Sunday Sept 5th was the 50th anniversary of the National Film & TV School, celebrated by a barbecue and blessed by excellent weather.
When I attended back in 2005-7, what is recognised as the Film School now was actually the carpark back then. I was there at a time of great ferment, out with the old and in with the new, the Chosen helmsman being erstwhile producer, Nik Powell, a man who could see the film school was in dire need of new blood, new energy; to be dragged like it or not, into the new millennium.
For all its myth, its great training and star-studded alumni, it was still a motley spread of prefabs, scattered around the periphery of a large vacant lot. The focus on the training, not so much the facilities or how it might appear to the rest of the world. Just an ancient, timid two-storey white-wash skulking at the back and a studio barn to one side, the last vestiges of what used to be a bustling film studio to John Mills et al, back in the day.
But once installed, Nik galvanised the Industry, the network, the Great and the Good. He could see what needed to be done. He also opened the annual student intake out from what used to be just six per discipline when I was there, to as many as twelve, bringing in far more revenue, on top of the burgeoning short course roster.
One of the new HoD’s he brought in was Corinne Cartier as Head of Screenwriting, someone I knew well from her days running the Performing Arts Labs for screenwriters, down in Bore Place under Susan Benn. A great hotbed of learning and nurturing for fledgling screenwriters in its own right, I’d been on the course as an actor, workshopping the nascent screenplays.
I’d met Nik whilst in Post on my first film, the doomed ‘Offending Angels’, a Rom-Com picked up in Cannes Market, only to fall foul of the Sales Agent (Ardent International) going down with all hands and then the Tax Man erroneously believing I’d made the film for purely cynical purposes, having undertaken a Sale & Leaseback tax break enabling me to complete the movie, only for Angels never to make a sale when the Agency then died on me. A long story, for another blog.
So between these two, I felt in very good hands. They for me, for my experience there, were the heartbeat of the place, underpinning all that happened as I undertook my two-year MA. So, it was with no small amount of sadness that my return for the Anniversary be tinged with a fair amount of trepidation and melancholy, that neither of them should be there to see the magnificent fruits of their labours. Corinne dying too early of cancer in 2015 and then Nik soon after, in 2019.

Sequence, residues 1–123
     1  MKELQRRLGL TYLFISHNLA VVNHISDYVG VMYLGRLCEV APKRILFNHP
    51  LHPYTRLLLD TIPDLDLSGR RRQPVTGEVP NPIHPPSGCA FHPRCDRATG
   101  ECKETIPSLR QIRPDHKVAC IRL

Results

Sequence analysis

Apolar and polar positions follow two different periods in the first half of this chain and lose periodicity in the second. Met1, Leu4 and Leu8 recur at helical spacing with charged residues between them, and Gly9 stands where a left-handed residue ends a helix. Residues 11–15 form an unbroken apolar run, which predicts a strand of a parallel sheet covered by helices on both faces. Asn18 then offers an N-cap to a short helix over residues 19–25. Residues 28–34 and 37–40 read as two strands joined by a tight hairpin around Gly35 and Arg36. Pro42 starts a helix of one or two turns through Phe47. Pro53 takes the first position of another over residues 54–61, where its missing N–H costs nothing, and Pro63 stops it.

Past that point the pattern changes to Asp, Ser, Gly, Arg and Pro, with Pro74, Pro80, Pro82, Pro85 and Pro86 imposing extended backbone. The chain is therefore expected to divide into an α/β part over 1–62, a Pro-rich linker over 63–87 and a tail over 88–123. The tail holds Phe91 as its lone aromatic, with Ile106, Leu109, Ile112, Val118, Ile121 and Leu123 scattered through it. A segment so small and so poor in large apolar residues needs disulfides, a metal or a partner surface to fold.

The new building resplendent, energetic, studded throughout with markers, celebrations, nods to those who had gone before and made it all possible. And, of course Nik’s Bar in full swing. It was unrecognisable even in the short time I had been absent. I’d no idea how it must have been for those that graced its hallowed grounds back in 70’s, when it was a Director-Only pursuit and as a free and easy pursuit of Art, students sometimes stuck around for years before graduating.
It was good to catch up with some familiar faces, tutors and grads alike, as well as meet more, previously unknown to me. All of them with interesting stories, all of them driven. I attended very late in comparison to the vast majority, turning 40 whilst a student, having been an Engineer and then an actor first. So it was interesting and scary to see the latest crop looking so young, even though I’d only graduated myself 13 years previously. It did make me feel old.
But above all, my sense was it was vibrant, excited, lively and optimistic and with good cause; as any school should be. Hats off to Nik, for surely, more than anyone, that is down to him. A glass raised at his bar.. and here’s to the next 50.